In his way, Devriendt is as inscrutable as Smet. The work they make together demands that you take long, hard looks at yourself, yet offers no respite if you don't like what you see. Before the interview, one of my key questions, the one I was most looking forward to asking, was what their shows have taught them about themselves. I spoke to four people from the company – Devriendt, Smet, Dafneros and Tiemen Van Haver, coincidentally the person who guided me around A Game of You (and who told me that when he's appeared in that show as an audience member, filling in gaps, three people have described him as gay, teaching him once and for all to take the things people say about him with a big handful of salt) – and not one of them answered me straight. Smet came closest: “If it works, people really want to share things with you. You hear life stories or choices that people are struggling with you that reflect on you as well, because you have the same question or struggle. Then after a while you, I, ask the questions that really interest me, so I get a lot of answers to that same question.” What those questions or struggles were, though, he didn't say. Otherwise, what they all talked about was what they had learned about other cultures, about group mechanisms around the world. Always, always, this tension between the group and the individual, the impersonal and the personal, the predictable and unpredictable.

I wanted to write this because there wasn't space in the short piece I wrote for G2 to ask or answer all the questions I have about this company. It was supposed to be clarifying; instead, my thoughts feel more tangled than ever. But that, I suppose, is what makes OG so fascinating. Their idealism is laced with cunning; they put audiences under a microscope while remaining elusive themselves. Perhaps if I had seen more of their work I'd have a better handle on who they are, what they do, how they do it. But somehow, I doubt it.

Sunday, 4 December 2011

goodbye to the dancing queens

I've been thinking about leaving the Actionettes for a while now, and in my drama-queen way it's always felt like contemplating sawing off one of my own limbs using a rusty bread knife. Apart from anything else, performing with them has long been my single atonement for the sins of criticism, my meagre attempt to give something back to the world. But last week it finally happened. For a few days afterwards I felt a bit like I did after a big car accident several years ago: fine, perhaps relieved, quite possibly numb with shock, replaying the events over and over in my head as though to confirm their reality. I still remember the song I was singing to myself when I had the accident: Nosferatu Man by Slint (how's that for ridiculous melodrama?). The song that came up on my mp3 player, moments before I realised I had finally decided to say goodbye, scouring my mind to clarity, was this one:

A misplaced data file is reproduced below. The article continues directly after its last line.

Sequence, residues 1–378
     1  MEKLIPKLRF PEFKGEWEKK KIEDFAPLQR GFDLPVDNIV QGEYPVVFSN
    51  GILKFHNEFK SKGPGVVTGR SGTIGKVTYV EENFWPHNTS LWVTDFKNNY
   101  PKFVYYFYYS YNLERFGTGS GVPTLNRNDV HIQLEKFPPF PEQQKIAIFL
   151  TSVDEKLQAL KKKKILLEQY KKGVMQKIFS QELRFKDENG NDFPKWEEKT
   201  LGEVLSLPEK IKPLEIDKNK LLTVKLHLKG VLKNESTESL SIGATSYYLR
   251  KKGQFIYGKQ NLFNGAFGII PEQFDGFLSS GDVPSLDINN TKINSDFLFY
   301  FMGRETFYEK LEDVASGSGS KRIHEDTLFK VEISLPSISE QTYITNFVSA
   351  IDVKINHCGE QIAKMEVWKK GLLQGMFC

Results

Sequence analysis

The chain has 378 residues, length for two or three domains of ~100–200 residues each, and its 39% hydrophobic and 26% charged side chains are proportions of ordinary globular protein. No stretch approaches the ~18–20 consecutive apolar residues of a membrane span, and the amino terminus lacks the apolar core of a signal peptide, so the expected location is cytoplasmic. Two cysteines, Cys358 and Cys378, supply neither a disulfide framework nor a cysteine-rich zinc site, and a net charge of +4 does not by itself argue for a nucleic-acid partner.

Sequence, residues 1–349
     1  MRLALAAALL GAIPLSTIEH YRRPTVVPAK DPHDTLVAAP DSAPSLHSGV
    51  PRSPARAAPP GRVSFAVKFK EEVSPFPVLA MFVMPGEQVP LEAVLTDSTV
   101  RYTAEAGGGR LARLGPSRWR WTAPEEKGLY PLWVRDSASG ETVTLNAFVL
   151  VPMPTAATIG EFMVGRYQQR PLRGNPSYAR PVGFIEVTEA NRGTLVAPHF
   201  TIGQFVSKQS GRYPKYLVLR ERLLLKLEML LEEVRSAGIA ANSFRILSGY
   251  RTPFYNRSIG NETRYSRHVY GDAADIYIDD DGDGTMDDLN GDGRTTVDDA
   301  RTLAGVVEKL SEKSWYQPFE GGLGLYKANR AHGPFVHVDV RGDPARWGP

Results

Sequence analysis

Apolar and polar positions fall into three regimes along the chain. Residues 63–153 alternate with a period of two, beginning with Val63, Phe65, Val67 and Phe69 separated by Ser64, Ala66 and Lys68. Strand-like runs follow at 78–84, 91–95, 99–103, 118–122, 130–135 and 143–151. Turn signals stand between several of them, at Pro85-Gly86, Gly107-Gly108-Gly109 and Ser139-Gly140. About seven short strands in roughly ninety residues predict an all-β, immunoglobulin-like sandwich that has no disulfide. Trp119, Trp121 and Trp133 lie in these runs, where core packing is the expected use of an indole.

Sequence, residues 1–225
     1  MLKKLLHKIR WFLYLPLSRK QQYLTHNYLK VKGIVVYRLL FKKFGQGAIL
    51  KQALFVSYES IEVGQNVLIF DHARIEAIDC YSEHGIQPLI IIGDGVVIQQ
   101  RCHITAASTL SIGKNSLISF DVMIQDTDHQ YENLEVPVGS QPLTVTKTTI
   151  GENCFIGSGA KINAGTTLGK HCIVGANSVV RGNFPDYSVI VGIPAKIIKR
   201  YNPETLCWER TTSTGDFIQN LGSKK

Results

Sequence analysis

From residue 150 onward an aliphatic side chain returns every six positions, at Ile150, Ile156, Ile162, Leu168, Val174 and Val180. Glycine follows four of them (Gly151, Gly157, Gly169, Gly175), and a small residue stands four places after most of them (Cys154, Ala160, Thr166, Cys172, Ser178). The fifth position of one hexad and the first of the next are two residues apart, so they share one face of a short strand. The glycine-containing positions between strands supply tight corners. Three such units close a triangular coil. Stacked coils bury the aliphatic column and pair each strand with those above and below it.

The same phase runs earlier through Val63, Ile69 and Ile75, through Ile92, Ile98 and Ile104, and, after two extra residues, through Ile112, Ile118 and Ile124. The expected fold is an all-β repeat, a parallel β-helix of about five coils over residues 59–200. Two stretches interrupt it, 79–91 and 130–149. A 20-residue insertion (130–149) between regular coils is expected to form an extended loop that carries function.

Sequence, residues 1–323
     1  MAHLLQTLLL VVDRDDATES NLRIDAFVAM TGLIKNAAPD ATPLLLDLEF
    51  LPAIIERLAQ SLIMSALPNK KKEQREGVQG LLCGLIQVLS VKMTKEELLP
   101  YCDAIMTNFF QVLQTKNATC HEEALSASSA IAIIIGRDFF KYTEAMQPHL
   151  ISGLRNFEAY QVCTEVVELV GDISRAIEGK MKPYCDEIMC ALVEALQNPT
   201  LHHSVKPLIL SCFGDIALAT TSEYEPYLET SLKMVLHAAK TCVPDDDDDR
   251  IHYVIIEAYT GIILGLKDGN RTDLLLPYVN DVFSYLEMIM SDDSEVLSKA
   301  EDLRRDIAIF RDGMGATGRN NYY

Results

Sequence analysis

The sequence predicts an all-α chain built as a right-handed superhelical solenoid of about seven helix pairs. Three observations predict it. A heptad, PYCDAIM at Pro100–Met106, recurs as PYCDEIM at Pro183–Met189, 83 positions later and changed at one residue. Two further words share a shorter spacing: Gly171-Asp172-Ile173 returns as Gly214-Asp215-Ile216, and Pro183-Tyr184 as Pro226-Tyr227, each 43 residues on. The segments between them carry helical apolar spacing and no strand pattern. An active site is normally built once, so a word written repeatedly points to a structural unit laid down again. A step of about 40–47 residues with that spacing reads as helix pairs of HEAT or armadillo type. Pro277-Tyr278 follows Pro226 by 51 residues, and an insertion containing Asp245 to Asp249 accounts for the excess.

“You won't find it by yourself, you're gonna need some help, and you won't fail with me around, come on let's go.” Oh, Trish Keenan. I've idolised her for so long; I'm still mourning her death earlier this year. Based on nothing more than listening to her songs, I always felt there was something brave and uncompromising about her: she lived by her own truth, and made/makes me want to live by mine.

So there was that in my head that fateful (drama queen!!) Thursday morning, and there was this: a shard of Hal Hartley's 1991 short Ambition.

Dwell on uncomplicated beauty: the landscape, the sun on your face. Nothing touches you. Keep the image of your death cheerfully before you at all times. Gain perspective. Seek to clarify and comfort, not to obscure or mystify. Your aspirations are pointless; your ambitions come to nothing.

I've carried these words in my head for half my life: they were a teenage mantra, although I realise now my fallible memory conveniently let slip that final, trenchant line. And I know, I know: written out plain, in this context, the words clang with hyperbole. No wonder the adolescent me clung to them. But within the film itself – which, by the glorious power of youtube, I've just watched for the first time in maybe a decade, revelling in its note-perfect oddity, the violence of its choreography, its concision and starkness of expression – these words radiate a kind of hope. Instead of the selfish pursuit of personal aggrandizement, choose friendship, kindness, humanity. Instead of money or fame, seek truth and beauty. As a teenager, I felt there were words of warning here; as a thirtysomething – and this film is so the work of someone starting out on their 30s, shaking off the gung-ho confidence of their 20s (a confidence you don't even know you have) and struggling to figure out what meaning can be achieved – I find solace. I know I'm being laughed at a little bit, but I can hear Hartley laughing at himself, too. He asks the same questions I ask, and to hear him do so both pains and assuages me. I'm pretty sure I'll never gain perspective – but, in a funny way, leaving the Actionettes has been one way of trying to.

Tuesday, 8 November 2011

we bake cake! and nothing's the matter!

I've known my friend Sam for a quarter of a century, longer than anyone in my life apart from my family. Long enough for her to feel like my favourite cousin, a sensation amplified by the fact that our backgrounds are so similar, despite their surface differences. Her family is Iraqi, mine Cypriot; hers Jewish, mine Greek Orthodox: we grew up under the shared shadow of patriarchal cultures that paradoxically revere the matriarch yet restrict the exercise of her power to the confines of the kitchen, prioritise the young male over the young female in infuriating and detrimental ways, and reinforce gender inequality through the exercise of myriad religious hypocrisies. It's largely through talking to her, I think, that I've come to realise how close Cyprus is to the Middle East, and not just geographically.